Remember when we didn’t have flying cars? Remember when all we could do is zoom around in two dimensions like suckers? Life was simpler then. Anyway, that’s the wistful reality that inventor/aviator Waldo Waterman was hoping for us. You see, today in 1937, the first “flying car” left the ground.
We’ve been counting on having flying cars for a long time. While the scientists get to it, we’ve been biding our time by envisioning Korben Dallas’s taxi in The Fifth Element, the DeLorean in Back to the Future, or even George Jetson’s, errr, briefcase. We’ve been dreaming about it.
Now, let’s not confuse flying cars with airplanes. The Wright brothers had already come and gone, and we as a wingless race already knew how to get things off the ground and keep them there for a while. Biplanes had already seen action in World War I, and the Red Baron’s own Fokker crashed in 1918. Planes were for trained aviators and military pilots.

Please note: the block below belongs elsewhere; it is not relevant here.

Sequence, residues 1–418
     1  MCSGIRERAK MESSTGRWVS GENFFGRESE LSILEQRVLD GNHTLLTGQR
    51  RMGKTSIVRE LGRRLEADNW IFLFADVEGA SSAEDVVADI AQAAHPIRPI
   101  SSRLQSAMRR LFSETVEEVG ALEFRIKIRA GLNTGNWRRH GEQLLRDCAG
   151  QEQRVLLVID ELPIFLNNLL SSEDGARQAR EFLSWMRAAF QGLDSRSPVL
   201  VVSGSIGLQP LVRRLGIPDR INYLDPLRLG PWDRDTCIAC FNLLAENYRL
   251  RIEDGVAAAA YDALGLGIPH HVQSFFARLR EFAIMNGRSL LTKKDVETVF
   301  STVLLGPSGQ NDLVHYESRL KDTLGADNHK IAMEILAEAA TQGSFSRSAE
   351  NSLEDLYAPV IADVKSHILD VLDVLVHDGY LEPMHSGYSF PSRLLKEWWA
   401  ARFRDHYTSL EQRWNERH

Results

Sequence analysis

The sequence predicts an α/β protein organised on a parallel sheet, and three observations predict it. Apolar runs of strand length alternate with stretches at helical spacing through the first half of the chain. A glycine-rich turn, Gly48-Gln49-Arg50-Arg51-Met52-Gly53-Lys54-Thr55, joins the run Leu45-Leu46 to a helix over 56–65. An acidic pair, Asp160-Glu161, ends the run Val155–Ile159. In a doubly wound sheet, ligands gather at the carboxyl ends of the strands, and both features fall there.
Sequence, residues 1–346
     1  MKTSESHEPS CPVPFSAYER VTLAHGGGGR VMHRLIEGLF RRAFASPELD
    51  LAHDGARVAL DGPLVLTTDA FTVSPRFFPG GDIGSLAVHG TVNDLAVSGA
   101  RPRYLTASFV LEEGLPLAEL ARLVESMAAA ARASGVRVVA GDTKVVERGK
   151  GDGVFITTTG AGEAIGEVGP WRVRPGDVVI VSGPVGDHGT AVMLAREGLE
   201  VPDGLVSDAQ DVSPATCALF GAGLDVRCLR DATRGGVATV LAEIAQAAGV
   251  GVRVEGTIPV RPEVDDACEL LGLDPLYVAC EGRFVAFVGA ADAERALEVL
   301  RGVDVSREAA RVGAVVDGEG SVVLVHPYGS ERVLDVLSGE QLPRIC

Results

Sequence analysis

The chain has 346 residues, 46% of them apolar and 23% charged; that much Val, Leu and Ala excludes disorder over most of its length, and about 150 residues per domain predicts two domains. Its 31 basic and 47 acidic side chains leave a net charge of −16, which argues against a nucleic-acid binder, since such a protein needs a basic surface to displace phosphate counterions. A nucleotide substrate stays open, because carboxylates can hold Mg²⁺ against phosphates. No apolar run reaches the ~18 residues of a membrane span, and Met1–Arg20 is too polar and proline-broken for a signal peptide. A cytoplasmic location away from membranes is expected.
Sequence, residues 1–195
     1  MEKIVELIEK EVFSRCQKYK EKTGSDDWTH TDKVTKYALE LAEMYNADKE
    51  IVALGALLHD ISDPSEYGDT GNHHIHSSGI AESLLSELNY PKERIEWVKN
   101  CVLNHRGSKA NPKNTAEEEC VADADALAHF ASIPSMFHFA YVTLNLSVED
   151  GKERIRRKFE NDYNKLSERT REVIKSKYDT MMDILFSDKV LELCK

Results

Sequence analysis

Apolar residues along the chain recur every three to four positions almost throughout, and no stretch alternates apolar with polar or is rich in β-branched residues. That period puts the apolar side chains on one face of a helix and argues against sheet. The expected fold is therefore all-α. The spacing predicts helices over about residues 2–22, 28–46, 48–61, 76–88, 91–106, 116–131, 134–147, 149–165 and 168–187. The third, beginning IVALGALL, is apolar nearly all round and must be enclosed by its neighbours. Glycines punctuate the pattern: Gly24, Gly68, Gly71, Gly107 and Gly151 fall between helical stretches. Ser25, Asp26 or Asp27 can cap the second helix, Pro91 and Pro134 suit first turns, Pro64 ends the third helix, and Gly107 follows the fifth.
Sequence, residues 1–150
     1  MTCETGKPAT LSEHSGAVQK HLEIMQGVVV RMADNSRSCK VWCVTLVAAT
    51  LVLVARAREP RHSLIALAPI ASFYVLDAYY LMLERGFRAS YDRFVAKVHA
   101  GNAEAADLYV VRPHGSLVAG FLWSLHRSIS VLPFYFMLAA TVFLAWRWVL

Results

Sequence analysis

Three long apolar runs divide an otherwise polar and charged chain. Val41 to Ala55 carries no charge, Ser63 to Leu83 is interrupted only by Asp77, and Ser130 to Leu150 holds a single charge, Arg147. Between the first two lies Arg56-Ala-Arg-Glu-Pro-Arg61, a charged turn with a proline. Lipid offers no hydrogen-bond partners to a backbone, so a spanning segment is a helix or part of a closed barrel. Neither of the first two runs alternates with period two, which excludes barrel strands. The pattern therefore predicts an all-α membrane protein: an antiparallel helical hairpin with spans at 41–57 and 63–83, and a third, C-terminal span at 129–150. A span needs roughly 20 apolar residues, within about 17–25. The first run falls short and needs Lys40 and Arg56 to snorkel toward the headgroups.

No, we’re talking about cars, the kind that the common man could fly around in and then land right on the street in town, where presumably the common man would then go and get his pencil-thin Clark Gable mustache trimmed. Waldo Waterman created the Whatsit (great name!), the “Model-T of the air” (and which can now be seen in the Smithsonian Institution’s National Air and Space Museum), but the specs didn’t quite work out, so it got redesigned and became the Studebaker-engine-powered Arrowbile.
That’s the one that took to the air properly — and then totally didn’t get mass produced. Oh, they could have pulled it off. Ford even declared it feasible, but the logistics of mass production, air traffic control problems, and of course economy didn’t let flying cars get off the ground commercially. Not for lack of trying, way back then or many times since.
Still, no flying cars for the common man. Where’s Waldo now?
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